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Rural surgery

Posted by: Philip Alex | Posted on: February 17th, 2019 | 0 Comments

Ms. X was a young lady who presented to us with altered sensorium after a fall.  She was arousable but not responding  relevantly and there was a difference between the size of her pupils. A ct showed a huge extradural hematoma pushing the midline across to the other side. This is a life threatening condition and needs immediate surgical attention. 

Today in any city she would be referred to a neurosurgical centre. The centres in most cities are in large tertiary hospitals, mostly corporate in nature. Government facilities that handle cases of this nature are in capital cities. Most district hospitals will refer to state capitals. This will invariably mean further travel, time , and money, all scarce resources that further jeopardise the chances of survival. 

What does a doctor in a rural hospital confronted with this situation do?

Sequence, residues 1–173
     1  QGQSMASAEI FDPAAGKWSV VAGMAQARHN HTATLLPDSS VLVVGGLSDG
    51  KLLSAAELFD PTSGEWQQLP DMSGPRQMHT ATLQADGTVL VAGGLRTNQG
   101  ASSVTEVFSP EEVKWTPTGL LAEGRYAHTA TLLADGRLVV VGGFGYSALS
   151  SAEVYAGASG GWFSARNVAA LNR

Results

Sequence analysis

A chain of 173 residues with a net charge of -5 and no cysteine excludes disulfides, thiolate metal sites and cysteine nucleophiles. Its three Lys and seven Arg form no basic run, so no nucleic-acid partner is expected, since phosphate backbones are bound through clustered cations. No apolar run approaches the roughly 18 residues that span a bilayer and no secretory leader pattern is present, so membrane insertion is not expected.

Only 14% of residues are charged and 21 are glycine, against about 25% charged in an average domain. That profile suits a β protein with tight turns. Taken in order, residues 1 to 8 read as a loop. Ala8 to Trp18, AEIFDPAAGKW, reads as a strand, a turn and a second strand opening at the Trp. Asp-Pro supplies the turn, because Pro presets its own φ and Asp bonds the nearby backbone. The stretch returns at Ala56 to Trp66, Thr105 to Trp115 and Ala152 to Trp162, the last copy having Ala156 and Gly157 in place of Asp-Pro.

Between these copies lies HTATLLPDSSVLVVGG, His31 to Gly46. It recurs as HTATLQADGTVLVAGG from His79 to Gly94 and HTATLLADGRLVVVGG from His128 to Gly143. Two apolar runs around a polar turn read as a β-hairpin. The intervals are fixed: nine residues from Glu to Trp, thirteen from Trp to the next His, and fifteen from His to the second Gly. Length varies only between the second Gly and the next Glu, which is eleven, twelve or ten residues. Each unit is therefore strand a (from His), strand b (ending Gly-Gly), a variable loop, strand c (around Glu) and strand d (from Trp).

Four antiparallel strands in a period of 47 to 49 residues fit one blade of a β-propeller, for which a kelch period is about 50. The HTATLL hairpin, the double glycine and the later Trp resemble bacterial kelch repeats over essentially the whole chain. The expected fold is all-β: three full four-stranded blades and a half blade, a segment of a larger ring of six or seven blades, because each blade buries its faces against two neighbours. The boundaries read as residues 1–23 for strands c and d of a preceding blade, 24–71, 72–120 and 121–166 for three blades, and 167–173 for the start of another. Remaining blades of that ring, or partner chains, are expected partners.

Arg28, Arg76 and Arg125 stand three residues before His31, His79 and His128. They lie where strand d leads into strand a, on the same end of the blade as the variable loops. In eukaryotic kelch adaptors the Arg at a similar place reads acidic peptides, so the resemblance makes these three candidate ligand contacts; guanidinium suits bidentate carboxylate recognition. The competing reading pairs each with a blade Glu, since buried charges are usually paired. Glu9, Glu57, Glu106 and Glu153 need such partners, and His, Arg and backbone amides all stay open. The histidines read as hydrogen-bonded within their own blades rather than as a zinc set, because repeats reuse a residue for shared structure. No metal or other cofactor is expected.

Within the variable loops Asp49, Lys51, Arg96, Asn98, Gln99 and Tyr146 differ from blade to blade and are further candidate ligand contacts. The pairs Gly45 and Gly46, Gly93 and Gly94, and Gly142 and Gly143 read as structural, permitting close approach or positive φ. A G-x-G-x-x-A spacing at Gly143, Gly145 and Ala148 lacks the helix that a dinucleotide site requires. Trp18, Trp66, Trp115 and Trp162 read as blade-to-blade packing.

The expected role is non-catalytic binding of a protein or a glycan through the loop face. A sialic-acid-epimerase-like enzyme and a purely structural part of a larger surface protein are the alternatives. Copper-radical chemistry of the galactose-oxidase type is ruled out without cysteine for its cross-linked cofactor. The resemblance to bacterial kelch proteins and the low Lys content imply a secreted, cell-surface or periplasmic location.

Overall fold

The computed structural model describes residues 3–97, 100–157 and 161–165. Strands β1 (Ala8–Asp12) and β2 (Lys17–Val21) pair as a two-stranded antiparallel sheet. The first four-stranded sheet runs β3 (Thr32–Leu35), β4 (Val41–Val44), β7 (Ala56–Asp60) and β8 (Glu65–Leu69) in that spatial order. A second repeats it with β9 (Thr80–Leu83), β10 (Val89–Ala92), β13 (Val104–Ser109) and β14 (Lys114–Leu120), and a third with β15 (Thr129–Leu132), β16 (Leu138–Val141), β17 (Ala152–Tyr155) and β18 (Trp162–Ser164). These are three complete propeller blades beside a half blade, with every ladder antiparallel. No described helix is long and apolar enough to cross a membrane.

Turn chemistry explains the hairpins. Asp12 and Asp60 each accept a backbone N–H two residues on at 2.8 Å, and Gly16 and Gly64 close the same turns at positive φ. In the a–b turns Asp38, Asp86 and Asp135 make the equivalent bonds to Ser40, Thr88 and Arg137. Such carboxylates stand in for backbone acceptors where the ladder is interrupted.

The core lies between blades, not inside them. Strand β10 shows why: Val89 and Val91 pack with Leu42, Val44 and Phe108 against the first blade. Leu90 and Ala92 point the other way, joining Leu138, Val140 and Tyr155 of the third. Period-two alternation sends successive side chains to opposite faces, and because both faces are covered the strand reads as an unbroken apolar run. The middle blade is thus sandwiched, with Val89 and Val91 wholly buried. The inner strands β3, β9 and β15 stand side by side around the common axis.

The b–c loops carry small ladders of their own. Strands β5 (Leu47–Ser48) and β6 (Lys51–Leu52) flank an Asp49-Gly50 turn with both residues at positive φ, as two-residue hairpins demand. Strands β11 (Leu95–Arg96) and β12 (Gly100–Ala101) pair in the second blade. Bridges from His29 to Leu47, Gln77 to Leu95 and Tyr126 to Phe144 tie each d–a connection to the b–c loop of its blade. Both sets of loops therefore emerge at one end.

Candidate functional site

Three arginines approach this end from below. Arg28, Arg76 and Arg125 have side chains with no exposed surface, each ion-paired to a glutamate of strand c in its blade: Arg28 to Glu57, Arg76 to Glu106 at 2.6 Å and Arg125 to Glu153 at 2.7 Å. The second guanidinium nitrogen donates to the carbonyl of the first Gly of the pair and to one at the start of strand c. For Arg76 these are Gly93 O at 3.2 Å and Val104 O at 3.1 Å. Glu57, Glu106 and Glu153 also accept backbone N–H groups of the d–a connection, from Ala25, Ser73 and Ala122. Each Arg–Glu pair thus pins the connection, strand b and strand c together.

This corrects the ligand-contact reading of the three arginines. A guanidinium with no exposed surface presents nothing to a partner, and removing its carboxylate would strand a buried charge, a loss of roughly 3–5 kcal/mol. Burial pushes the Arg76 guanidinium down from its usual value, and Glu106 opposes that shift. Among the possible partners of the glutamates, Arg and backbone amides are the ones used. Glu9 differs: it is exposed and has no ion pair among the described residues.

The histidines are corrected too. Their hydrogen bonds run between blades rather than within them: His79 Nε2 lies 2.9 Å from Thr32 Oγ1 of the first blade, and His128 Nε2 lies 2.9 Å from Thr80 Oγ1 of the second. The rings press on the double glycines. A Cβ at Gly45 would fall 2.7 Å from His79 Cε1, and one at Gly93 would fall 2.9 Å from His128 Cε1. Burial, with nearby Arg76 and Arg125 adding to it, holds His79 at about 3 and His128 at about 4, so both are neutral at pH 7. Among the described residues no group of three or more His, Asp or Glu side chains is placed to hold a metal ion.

The breadth of the art and science of basic surgical training has departed from the curriculum of the general surgeon today, abdicated to the genre of specialist surgeons. Not that the specialist surgeons do not have elective rights over such surgeries, but I enter my plea that general surgeons also need to be equipped with skills and science to handle such situations on emergent grounds. 

We were able to evacuate this hematoma. There was a sagittal sinus bleed which was controlled with difficulty. The lady left us with no residual deficit. While I write this, I testify to what I call the “G factor”, which operates in situations where we have no one else to turn to. In my fifteen years of work in this place, I testify to the healing that comes from God. This operant factor may get displaced into the wings by “advancement” and technology, but in their  absence occupies centrestage. 

What does rural India need to handle such emergencies? Referral is an abdication and a wilful death sentence inscribed with every stroke. I am not a neurosurgeon, but I was trained at Christian Medical College Ludhiana to handle such emergencies. Are our young surgeons of today being similarly equipped or denied the skill under the guise of a sacrosanct speciality? 

What do we do as faculty to equip our surgeons for the rural patients of tomorrow? 

 

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